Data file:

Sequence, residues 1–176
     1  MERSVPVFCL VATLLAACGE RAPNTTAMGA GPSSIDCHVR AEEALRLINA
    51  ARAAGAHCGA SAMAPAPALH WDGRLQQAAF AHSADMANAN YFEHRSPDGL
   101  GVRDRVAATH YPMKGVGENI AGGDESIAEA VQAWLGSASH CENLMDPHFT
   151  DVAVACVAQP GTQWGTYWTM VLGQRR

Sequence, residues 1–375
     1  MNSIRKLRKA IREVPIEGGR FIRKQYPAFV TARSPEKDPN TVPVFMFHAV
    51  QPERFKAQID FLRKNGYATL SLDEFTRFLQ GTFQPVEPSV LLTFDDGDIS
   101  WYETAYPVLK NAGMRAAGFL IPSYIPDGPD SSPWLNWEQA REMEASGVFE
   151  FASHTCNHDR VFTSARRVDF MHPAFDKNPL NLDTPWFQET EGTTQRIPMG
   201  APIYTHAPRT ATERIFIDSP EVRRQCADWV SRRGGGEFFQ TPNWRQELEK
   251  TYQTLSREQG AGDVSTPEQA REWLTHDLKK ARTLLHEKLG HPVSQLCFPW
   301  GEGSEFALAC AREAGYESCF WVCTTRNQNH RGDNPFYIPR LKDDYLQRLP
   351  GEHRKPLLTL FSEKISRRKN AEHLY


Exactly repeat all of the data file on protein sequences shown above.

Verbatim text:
Sequence, residues 1–176
     1  MERSVPVFCL VATLLAACGE RAPNTTAMGA GPSSIDCHVR AEEALRLINA
    51  ARAAGAHCGA SAMAPAPALH WDGRLQQAAF AHSADMANAN YFEHRSPDGL
   101  GVRDRVAATH YPMKGVGENI AGGDESIAEA VQAWLGSASH CENLMDPHFT
   151  DVAVACVAQP GTQWGTYWTM VLGQRR

Sequence, residues 1–375
     1  MNSIRKLRKA IREVPIEGGR FIRKQYPAFV TARSPEKDPN TVPVFMFHAV
    51  QPERFKAQID FLRKNGYATL SLDEFTRFLQ GTFQPVEPSV LLTFDDGDIS
   101  WYETAYPVLK NAGMRAAGFL IPSYIPDGPD SSPWLNWEQA REMEASGVFE
   151  FASHTCNHDR VFTSARRVDF MHPAFDKNPL NLDTPWFQET EGTTQRIPMG
   201  APIYTHAPRT ATERIFIDSP EVRRQCADWV SRRGGGEFFQ TPNWRQELEK
   251  TYQTLSREQG AGDVSTPEQA REWLTHDLKK ARTLLHEKLG HPVSQLCFPW
   301  GEGSEFALAC AREAGYESCF WVCTTRNQNH RGDNPFYIPR LKDDYLQRLP
   351  GEHRKPLLTL FSEKISRRKN AEHLY